WASHINGTON — President Obama agreed last month not to send lethal defensive aide to Ukraine, a top German diplomat said Monday, as lawmakers from both parties continued to press the president to shore up Ukraine's beleaguered military in its fight against Russian-backed separatists.

The German ambassador to the U.S., Peter Wittig, said in an Associated Press interview that Obama agreed to hold off during a White House meeting in February with German Chancellor Angela Merkel. He said Obama had concurred with Merkel that it was important "to give some space for those diplomatic, political efforts that were underway."

"The two leaders exchanged views on that issue and there was unity by them not to impose, or not to go forward with, the delivery of lethal defensive weapons at this time," Wittig told the AP.

The Obama administration has maintained publicly that it's still debating whether to send anti-tank weapons and other defensive arms to bolster Kiev's ability to defend its territory and troops in eastern Ukraine. In remarks to reporters after his meeting with Merkel, Obama said that "the possibility of lethal defensive weapons is one of those options that's being examined" but added that "a decision has not yet been made."

Nearly a dozen lawmakers from both parties joined House Speaker John Boehner last week in urging Obama to supply the weapons without delay, claiming that pro-Russian separatists have only consolidated their gains since the so-called Minsk agreements that led to last month's fragile cease-fire.

Yet many European governments oppose such a move — especially Germany. Those U.S. allies say they fear additional arms would only fuel a military escalation and could spark a wider proxy war with Russia.

"I think we have to weigh carefully whether this would inject an additional element that could be a pretext or a trigger for counter-reaction by the Russian leadership," Wittig said.

The White House declined to elaborate on the status of the decision. But Mark Stroh, a spokesman for the White House's National Security Council, said the U.S. is consulting closely with European allies and continually assessing its policies to ensure they're appropriate to achieve U.S. objectives in Ukraine.

"Our focus from the outset of the crisis has been on supporting Ukraine and on pursuing a diplomatic solution that respects Ukraine's sovereignty and territorial integrity," Stroh said.

As the crisis in Ukraine has deepened over the last year, the Obama administration has sought to show that the U.S. and Europe are operating in lockstep, aiming to deny Russia any opportunity to exploit divisions among Western allies. The U.S. has carefully choreographed economic sanctions on Moscow with Europe while entrusting Merkel, who has perhaps the most productive relationship with Russian President Vladimir Putin, with much of the diplomatic outreach to Russia.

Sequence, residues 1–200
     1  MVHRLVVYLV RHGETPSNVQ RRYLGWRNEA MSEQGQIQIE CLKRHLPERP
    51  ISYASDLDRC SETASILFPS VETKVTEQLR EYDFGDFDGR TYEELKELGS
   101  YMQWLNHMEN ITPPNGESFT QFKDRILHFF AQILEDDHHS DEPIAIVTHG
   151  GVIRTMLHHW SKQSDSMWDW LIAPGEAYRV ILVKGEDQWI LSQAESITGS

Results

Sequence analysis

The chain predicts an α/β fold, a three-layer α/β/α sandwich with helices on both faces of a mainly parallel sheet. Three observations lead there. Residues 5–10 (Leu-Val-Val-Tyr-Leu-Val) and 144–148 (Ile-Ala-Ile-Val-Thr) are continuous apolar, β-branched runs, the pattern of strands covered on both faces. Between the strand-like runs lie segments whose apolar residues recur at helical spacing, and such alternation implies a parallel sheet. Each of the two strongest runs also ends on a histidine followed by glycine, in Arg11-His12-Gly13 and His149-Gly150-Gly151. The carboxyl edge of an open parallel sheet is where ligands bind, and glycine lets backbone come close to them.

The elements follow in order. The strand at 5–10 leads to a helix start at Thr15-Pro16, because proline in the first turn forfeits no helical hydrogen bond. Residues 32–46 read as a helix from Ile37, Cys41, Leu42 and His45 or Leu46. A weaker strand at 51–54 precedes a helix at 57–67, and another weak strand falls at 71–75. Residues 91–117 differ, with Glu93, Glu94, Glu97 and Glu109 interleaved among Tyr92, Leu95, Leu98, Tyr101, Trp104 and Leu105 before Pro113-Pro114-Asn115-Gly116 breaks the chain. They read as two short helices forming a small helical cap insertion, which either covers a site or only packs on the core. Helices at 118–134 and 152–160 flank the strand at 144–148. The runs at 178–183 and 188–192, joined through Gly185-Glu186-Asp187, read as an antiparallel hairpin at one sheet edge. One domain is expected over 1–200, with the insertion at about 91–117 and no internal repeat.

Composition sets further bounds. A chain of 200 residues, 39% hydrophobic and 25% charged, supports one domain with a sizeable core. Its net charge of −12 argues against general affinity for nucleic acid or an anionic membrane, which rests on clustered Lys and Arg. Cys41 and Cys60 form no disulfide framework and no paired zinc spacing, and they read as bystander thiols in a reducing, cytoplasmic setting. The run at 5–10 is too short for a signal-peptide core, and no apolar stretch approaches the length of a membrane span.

Yet U.S. defense leaders have laid out an array of military options the Obama administration could consider for arming Ukraine. Testifying before Congress last week, Air Force Gen. Philip Breedlove, the top NATO commander, said those options range from small arms to more sophisticated weapons that would take longer to arrive and require extensive training.

And America's top diplomat in Europe, Assistant Secretary of State Victoria Nuland, told Congress that the U.S. was watching to see whether the Minsk agreements are implemented before determining whether to increase its security support to Ukraine. She noted that Obama and European leaders have agreed to deepening sanctions against Russia if there are further cease-fire violations.

Obama sought to highlight trans-Atlantic unity on sanctions as he discussed the Ukraine crisis Monday with European Council President Donald Tusk, the former leader of Poland. Vice President Joe Biden, in a phone call with Polish President Bronislaw Komorowski, said Russia was still failing to fulfill its obligations under the Minsk agreements.

Putin has denied the U.S. accusation that Russia is arming the rebels in the war in eastern Ukraine, which has killed more than 6,000 people and forced over a million to flee their homes. The fighting began in April, a month after Russia annexed the mostly Russian-speaking Crimean Peninsula.

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